For these reasons, the editors at eLife have always taken the position that we should evaluate a paper, to the extent we can, on its own merits, and that we should not penalize a manuscript we are reviewing if a paper on a similar topic was published a few weeks or months earlier. In such cases it is clear that both groups would have been working on the projects during much of the same time, and it is not in anyone’s best interests to devalue one effort because another group ran a slightly faster race to the finish line (Marder, 2015; Malhotra and Marder, 2015). Indeed, if the findings are important, the near-simultaneous publication of two papers will clearly add credibility to both. Moreover, because two groups rarely do exactly the same experiments, two (or more) papers can also add context and depth to the findings. At eLife we are seeing a trend towards the co-submission of papers from labs that choose not to compete but, rather, to jointly announce new findings. This is a trend that we encourage.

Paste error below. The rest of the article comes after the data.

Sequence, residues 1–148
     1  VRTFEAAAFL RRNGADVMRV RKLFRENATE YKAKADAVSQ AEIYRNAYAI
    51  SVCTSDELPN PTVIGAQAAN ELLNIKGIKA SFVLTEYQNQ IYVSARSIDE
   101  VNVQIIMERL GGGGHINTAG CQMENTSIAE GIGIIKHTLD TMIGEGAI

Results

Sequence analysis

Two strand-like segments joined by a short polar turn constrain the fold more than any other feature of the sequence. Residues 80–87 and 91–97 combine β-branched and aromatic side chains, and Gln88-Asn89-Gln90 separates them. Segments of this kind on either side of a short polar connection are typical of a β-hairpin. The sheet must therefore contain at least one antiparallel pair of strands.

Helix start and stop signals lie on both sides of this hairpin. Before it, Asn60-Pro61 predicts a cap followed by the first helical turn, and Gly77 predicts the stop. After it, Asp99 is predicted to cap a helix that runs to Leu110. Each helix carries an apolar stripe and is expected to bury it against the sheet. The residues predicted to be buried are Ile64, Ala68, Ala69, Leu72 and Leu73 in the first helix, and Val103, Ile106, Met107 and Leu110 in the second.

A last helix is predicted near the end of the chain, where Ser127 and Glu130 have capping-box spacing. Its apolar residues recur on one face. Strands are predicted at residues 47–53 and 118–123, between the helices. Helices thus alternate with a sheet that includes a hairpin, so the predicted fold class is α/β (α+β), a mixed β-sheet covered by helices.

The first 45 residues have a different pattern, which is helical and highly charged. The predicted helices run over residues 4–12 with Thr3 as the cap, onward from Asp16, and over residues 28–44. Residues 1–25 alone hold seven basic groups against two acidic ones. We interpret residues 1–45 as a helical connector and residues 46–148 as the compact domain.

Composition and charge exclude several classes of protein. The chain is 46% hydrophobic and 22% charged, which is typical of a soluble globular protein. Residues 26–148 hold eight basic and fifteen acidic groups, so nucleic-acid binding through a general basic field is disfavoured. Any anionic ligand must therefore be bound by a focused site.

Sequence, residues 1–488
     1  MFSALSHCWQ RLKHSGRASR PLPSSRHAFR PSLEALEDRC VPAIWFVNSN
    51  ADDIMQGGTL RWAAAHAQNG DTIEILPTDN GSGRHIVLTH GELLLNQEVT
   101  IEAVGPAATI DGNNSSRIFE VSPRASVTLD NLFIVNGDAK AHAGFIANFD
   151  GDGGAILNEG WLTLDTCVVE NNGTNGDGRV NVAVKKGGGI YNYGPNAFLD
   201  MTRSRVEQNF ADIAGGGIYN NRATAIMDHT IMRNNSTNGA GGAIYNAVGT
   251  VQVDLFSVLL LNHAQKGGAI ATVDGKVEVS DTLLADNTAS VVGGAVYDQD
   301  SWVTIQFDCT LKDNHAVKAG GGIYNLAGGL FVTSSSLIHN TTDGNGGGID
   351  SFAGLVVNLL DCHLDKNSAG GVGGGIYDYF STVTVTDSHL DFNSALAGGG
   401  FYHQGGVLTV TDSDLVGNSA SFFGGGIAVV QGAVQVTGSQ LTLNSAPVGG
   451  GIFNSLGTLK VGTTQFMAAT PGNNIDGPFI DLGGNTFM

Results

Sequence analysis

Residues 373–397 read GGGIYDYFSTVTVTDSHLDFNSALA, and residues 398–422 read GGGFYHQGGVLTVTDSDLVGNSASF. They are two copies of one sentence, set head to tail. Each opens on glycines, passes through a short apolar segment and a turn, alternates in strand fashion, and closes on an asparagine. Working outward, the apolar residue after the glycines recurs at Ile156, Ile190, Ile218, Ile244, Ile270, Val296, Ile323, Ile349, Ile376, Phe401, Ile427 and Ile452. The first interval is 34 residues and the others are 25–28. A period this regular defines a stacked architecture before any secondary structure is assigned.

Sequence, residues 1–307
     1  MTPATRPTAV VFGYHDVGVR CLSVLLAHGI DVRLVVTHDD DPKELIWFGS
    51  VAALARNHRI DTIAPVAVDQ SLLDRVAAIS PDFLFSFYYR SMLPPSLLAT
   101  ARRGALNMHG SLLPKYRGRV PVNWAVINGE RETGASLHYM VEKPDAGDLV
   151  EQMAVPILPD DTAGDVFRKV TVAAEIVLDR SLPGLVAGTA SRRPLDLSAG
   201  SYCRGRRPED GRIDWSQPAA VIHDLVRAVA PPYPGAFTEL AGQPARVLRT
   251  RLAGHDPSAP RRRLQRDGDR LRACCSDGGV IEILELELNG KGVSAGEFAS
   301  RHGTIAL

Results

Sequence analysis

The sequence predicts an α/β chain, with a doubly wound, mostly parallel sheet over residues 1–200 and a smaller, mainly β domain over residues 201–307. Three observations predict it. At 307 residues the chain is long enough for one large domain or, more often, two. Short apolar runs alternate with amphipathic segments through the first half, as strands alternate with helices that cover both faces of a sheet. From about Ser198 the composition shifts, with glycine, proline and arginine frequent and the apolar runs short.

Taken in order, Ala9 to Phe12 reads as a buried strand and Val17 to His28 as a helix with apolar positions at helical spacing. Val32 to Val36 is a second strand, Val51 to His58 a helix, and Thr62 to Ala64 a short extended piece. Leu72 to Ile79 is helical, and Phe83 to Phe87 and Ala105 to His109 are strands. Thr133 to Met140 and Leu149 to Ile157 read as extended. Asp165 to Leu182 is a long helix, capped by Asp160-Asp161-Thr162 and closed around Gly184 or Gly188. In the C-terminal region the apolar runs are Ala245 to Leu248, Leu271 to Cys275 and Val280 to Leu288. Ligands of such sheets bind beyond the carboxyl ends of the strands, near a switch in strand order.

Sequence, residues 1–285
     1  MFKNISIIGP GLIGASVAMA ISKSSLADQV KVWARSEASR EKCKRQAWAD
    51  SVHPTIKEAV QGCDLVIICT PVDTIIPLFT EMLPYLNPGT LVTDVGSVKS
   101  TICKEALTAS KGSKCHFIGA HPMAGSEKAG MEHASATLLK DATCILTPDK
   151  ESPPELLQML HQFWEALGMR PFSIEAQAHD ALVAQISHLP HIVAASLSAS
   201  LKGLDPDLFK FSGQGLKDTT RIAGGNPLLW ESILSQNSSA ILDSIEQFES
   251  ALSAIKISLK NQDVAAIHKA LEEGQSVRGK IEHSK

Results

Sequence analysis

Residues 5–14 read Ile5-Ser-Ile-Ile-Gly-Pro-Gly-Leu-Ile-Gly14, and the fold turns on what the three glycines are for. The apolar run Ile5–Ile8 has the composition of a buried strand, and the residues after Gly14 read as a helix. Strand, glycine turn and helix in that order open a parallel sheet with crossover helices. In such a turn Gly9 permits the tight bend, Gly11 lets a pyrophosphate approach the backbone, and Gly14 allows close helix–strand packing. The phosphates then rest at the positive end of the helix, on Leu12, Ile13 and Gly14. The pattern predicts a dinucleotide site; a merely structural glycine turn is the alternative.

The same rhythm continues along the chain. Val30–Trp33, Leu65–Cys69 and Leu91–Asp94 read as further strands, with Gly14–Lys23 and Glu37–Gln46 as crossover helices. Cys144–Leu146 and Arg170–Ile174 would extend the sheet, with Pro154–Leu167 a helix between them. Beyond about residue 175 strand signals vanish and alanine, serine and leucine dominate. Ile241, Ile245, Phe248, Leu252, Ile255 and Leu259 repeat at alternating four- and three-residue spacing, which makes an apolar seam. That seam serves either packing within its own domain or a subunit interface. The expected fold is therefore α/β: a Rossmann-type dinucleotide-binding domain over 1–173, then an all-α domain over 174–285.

While our policy of offering 'scoop protection' reduces the pressure on authors to be the first to publish, we are also eager to make new results available quickly, which is why we encourage authors to upload their manuscript to a recognized preprint server when they submit to us or another journal. (More details on eLife's policies on preprints and scoop protection are available on our website.) It is now possible to automatically submit a manuscript to the bioRxiv preprint server while submitting to eLife (and vice versa), and growing numbers of authors are taking advantage of this facility. Doing this ensures that the work moves into the public domain at the time the authors feel that it is 'done' and ready to be evaluated. We consider it a greater good to the world to make freely available the results of the research that has, largely, been conducted using public funds.